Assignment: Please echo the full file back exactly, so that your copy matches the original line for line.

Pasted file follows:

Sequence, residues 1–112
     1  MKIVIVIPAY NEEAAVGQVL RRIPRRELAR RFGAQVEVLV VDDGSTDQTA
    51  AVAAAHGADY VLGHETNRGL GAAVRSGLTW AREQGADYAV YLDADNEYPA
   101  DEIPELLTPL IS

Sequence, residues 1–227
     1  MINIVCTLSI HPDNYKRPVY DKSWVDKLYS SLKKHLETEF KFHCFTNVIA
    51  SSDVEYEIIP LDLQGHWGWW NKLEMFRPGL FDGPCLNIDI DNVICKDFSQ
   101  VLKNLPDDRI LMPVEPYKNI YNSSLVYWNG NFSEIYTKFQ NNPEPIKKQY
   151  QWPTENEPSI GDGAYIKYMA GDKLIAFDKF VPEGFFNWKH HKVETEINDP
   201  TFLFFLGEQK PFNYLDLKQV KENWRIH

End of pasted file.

Sequence, residues 1–112
     1  MKIVIVIPAY NEEAAVGQVL RRIPRRELAR RFGAQVEVLV VDDGSTDQTA
    51  AVAAAHGADY VLGHETNRGL GAAVRSGLTW AREQGADYAV YLDADNEYPA
   101  DEIPELLTPL IS

Sequence, residues 1–227
     1  MINIVCTLSI HPDNYKRPVY DKSWVDKLYS SLKKHLETEF KFHCFTNVIA
    51  SSDVEYEIIP LDLQGHWGWW NKLEMFRPGL FDGPCLNIDI DNVICKDFSQ
   101  VLKNLPDDRI LMPVEPYKNI YNSSLVYWNG NFSEIYTKFQ NNPEPIKKQY
   151  QWPTENEPSI GDGAYIKYMA GDKLIAFDKF VPEGFFNWKH HKVETEINDP
   201  TFLFFLGEQK PFNYLDLKQV KENWRIH